How the right type of QA testing delivers on your need for speed

If you want to compete and claim your share of this multi-billion dollar industry, you need to release a solid and secure mobile app without bottlenecking deployment. 

But how? 

The software development cycle is now measured in a matter of days –– not months. This trend is reflected in the mobile world, where releases are created and distributed faster than they’ve ever been. 

Testlio QA Insights Infographic with Data on Apple and Google Play App Store Update Frequency
So how do we embed the QA process in agile without incurring exponential costs?

Enter burstable testing 

Manual testing has historically suffered from inefficiencies and poor quality results. The traditional crowdsourced testing approach, for example, often falls short by incentivizing testers with bug bounties. This leads to a high volume of low quality bugs and more time for your dev team to sift through bugs to determine which issues need fixes. Relying solely on in-house testers also comes with challenges. In-house teams can’t easily scale with surges in testing demand. Or, they may sit idle when things slow down. Networked testing addresses a need for agility, scale, and efficiencies without compromising on coverage or accuracy.

The burstable testing approach sees tests defined in small chunks, which are then distributed to the assembled team members. This allows teams to fully complete a full cycle of tests in a comparatively short amount of time. For mobile app developers, it also allows a full suite of tests to be run on a variety of devices, allowing the identification of environment-specific problems.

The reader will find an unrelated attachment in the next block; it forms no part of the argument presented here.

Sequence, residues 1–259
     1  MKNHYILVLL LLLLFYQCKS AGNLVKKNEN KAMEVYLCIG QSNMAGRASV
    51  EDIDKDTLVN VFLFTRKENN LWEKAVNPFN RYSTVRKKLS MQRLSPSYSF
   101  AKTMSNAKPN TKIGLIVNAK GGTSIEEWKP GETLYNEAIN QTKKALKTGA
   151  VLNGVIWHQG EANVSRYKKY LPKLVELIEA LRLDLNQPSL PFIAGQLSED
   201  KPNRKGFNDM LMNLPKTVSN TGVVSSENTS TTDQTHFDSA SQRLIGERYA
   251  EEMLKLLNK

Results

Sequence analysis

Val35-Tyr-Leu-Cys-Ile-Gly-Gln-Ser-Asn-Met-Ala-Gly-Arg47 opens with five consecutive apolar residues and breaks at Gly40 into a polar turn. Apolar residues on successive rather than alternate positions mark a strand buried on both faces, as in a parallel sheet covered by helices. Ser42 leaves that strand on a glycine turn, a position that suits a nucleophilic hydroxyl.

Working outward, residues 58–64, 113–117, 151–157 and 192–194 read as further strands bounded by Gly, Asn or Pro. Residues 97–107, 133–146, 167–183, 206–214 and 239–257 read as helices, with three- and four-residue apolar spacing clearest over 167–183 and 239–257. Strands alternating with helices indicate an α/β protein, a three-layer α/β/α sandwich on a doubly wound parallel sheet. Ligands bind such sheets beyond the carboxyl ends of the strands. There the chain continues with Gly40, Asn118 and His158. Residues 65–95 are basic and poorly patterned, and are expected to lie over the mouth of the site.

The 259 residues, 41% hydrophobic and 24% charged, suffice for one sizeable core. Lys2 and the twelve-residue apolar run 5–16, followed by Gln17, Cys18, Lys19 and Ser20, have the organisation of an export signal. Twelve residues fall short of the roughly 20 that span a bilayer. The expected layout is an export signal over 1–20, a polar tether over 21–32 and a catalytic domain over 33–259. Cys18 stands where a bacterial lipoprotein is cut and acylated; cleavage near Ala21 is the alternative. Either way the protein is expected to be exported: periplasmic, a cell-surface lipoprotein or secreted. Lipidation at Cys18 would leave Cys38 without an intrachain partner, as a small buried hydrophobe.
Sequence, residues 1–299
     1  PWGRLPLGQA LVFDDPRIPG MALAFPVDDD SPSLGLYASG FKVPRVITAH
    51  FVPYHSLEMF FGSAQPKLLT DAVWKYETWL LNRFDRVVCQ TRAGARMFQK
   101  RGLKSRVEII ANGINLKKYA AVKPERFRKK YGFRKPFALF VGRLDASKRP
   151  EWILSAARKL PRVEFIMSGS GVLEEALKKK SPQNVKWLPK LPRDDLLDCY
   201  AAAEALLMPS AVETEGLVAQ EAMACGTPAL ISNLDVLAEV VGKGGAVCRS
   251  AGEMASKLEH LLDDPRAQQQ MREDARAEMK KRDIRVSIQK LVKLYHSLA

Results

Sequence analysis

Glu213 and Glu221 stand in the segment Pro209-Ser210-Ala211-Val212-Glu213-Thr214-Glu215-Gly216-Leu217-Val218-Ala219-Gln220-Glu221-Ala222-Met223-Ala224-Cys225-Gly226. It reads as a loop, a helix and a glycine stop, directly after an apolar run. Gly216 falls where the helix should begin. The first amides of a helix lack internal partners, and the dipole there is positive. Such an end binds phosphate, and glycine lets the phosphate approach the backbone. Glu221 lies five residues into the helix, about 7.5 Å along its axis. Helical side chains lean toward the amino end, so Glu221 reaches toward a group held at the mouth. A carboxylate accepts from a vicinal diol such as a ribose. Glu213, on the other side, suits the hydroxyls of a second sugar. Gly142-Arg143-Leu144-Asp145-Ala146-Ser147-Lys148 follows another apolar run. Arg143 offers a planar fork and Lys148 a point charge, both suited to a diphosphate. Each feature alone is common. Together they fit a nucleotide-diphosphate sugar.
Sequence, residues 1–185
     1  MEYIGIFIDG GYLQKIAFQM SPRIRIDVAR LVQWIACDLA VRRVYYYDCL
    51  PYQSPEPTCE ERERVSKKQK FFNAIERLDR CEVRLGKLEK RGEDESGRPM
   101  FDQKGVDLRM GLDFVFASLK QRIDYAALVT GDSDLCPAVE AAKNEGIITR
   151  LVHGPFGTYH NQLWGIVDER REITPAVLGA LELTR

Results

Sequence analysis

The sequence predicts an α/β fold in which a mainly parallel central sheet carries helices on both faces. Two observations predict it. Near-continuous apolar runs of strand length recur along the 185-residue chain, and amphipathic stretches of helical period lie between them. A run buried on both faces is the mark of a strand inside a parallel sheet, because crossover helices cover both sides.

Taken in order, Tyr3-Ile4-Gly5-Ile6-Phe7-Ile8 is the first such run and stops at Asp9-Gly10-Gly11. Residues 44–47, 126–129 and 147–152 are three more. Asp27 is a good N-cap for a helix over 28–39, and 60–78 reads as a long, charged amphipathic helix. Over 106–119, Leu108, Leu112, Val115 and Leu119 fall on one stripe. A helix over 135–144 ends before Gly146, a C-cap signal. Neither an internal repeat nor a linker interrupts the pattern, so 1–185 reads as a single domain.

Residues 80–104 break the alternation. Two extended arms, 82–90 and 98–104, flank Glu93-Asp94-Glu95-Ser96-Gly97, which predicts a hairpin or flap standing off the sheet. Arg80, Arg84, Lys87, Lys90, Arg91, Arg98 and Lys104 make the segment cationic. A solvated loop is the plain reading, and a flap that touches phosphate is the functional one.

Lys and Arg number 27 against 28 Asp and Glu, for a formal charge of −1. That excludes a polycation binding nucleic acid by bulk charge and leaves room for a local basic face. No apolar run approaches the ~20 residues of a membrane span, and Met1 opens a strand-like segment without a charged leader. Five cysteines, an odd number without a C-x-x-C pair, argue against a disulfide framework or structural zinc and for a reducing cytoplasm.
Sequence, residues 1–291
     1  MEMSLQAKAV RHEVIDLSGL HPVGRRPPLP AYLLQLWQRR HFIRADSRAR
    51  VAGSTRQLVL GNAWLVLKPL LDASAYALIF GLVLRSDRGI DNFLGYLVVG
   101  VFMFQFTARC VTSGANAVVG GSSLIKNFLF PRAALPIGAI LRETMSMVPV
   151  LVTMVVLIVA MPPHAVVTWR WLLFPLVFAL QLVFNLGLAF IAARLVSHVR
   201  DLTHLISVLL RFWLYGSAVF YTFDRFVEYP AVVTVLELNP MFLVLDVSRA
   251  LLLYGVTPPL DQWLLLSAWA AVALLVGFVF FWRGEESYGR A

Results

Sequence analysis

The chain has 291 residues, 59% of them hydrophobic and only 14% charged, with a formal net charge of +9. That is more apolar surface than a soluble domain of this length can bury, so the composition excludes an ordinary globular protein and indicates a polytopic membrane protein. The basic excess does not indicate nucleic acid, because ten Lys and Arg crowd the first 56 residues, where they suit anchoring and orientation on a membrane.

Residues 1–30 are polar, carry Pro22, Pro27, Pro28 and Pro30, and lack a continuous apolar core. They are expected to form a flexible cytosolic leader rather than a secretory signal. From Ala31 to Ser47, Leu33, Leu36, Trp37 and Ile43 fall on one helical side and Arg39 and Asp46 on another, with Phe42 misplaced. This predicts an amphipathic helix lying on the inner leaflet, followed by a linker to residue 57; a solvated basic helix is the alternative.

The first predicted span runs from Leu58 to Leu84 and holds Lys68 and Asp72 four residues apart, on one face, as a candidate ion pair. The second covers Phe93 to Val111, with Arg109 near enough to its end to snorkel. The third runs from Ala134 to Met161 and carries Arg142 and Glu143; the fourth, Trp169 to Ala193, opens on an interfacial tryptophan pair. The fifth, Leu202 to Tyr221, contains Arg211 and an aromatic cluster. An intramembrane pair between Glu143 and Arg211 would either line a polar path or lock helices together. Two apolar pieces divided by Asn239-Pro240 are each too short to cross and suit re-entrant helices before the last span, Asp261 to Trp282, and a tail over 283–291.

Those are the fundamentals, although there are other points worth mentioning: to ensure the expected standard of availability, testers should be well-compensated for their time and expertise. There’s a reason for that: burstable testing emphasizes the importance of having a deep understanding of the application in question, bolstered by knowledge-sharing and collaboration. For that to work effectively, you need to attract the best and most experienced testers AND ensure long-term retention of testing talent. 

The need for speed

For developers working to tight, iterative release cycles, the burstable approach offers several key advantages. 

The first is that of scale. As mentioned previously, this testing strategy emphasizes the importance of larger testing teams (often between ten and fifty people) and smaller individual tests. This allows more ground to be covered in a fraction of the usual time. 

That flexibility also helps considering the variable cadence with software releases. Some may be created and released in a matter of days, while others require greater effort and time. Traditional human-driven QA models could see in-house testers waiting without work at some times, and placed under extreme stress in others, as they’re forced to perform huge amounts of work in a crushingly short amount of time. 

Time, they say, is money, and the informality of burstable testing means you can deploy your testing resources as required, working to the cadence of your own release cycles. 

Advantages outweigh initial hurdles

Burstable testing isn’t without its own hurdles. To use it effectively, test plans might need to be refactored into more atomic elements, meaning smaller and isolated. For example, having multiple test accounts that can be distributed across multiple testers instead of one test account for all the testing. It also requires the acquisition of a large, on-call team. Identifying and recruiting that workforce, and vetting it to ensure they possess the core competencies to perform the job effectively. There’s also the challenge of coordinating dozens of testers in multiple time zones. 

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